And that brings me to the sculpture that is the focus today. What does Life Size mean at Breloh? Certainly not a measurement with folding ruler and meter. Behind it is rather a process of creation which first came to full fruition in 1983 and which points to a new approach to the representation of the human being. The Cologne sculptor approached this millennia-old task of sculpture in a way that was as innovative as it was convincing and, ultimately, obvious: in a procedere that does not reproduce his model and certainly does not cast it, but rather brings it forth anew in a laborious act of procreation and birth. This sounds complicated, but it is not. For a better understanding, I will refer to a text that I wrote down, fresh from memory, shortly after a visit to his studio in 1985. To be there, to watch, was a privilege, because Breloh did not usually tolerate spectators. He did not see himself as a performer who was interested in the action, but as a sculptor who saw himself realized in the RESULT. Nevertheless, he gladly gave me his consent to the publication.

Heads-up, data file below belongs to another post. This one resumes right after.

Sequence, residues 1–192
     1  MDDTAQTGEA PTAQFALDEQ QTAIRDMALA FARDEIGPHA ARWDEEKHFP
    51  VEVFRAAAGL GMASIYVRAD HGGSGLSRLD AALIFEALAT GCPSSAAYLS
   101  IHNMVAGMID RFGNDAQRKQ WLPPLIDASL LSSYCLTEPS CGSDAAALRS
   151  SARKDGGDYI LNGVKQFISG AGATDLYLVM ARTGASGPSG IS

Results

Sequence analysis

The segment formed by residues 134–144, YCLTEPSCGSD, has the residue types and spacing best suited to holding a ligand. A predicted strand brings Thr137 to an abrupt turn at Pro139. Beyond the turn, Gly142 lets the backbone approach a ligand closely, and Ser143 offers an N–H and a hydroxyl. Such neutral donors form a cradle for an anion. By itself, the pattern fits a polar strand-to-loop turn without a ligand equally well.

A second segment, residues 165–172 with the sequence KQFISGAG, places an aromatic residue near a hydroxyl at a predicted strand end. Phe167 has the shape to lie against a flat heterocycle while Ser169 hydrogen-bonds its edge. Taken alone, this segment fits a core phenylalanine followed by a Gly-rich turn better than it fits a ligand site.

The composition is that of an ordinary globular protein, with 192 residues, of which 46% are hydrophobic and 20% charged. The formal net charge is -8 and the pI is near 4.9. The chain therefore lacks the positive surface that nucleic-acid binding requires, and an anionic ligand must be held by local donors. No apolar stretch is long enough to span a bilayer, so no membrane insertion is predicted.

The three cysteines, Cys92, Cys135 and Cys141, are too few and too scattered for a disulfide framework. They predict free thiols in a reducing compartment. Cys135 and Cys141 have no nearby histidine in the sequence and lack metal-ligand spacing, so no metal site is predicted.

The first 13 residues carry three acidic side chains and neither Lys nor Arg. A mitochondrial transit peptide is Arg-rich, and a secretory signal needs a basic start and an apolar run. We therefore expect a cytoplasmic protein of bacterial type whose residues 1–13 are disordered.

In the center of the room rises a block of wet plaster almost as high as a man. „In a fixed choreography, the naked artist walks around, dances around, touches, feels the soft plaster massif. As soon as he no longer feels the distance as distance, he throws himself with the WHOLE body, with legs, hips, chest, back, buttocks, head against, against and into the block. He embraces it with his arms, pushes through it with his knees, legs, feet, drives his head back and forth and thus grinds out a horizontal finish. He presses, twists, writhes in and against the block according to a precisely set program, plowing through the plaster on the inside, straddling it from the outside. He pulls his body trajectory ever more laboriously, ever more slowly through the white massif. This now rises up as if dissected by reefs and bays – until we realize that the gradually hardening projections and depressions correspond directly to the physical act of violence that the artist has just performed. The finished sculpture captures the body form as a negative volume, with distinct grinding zones and pressure points of smaller limbs such as thumbs or soles of feet.“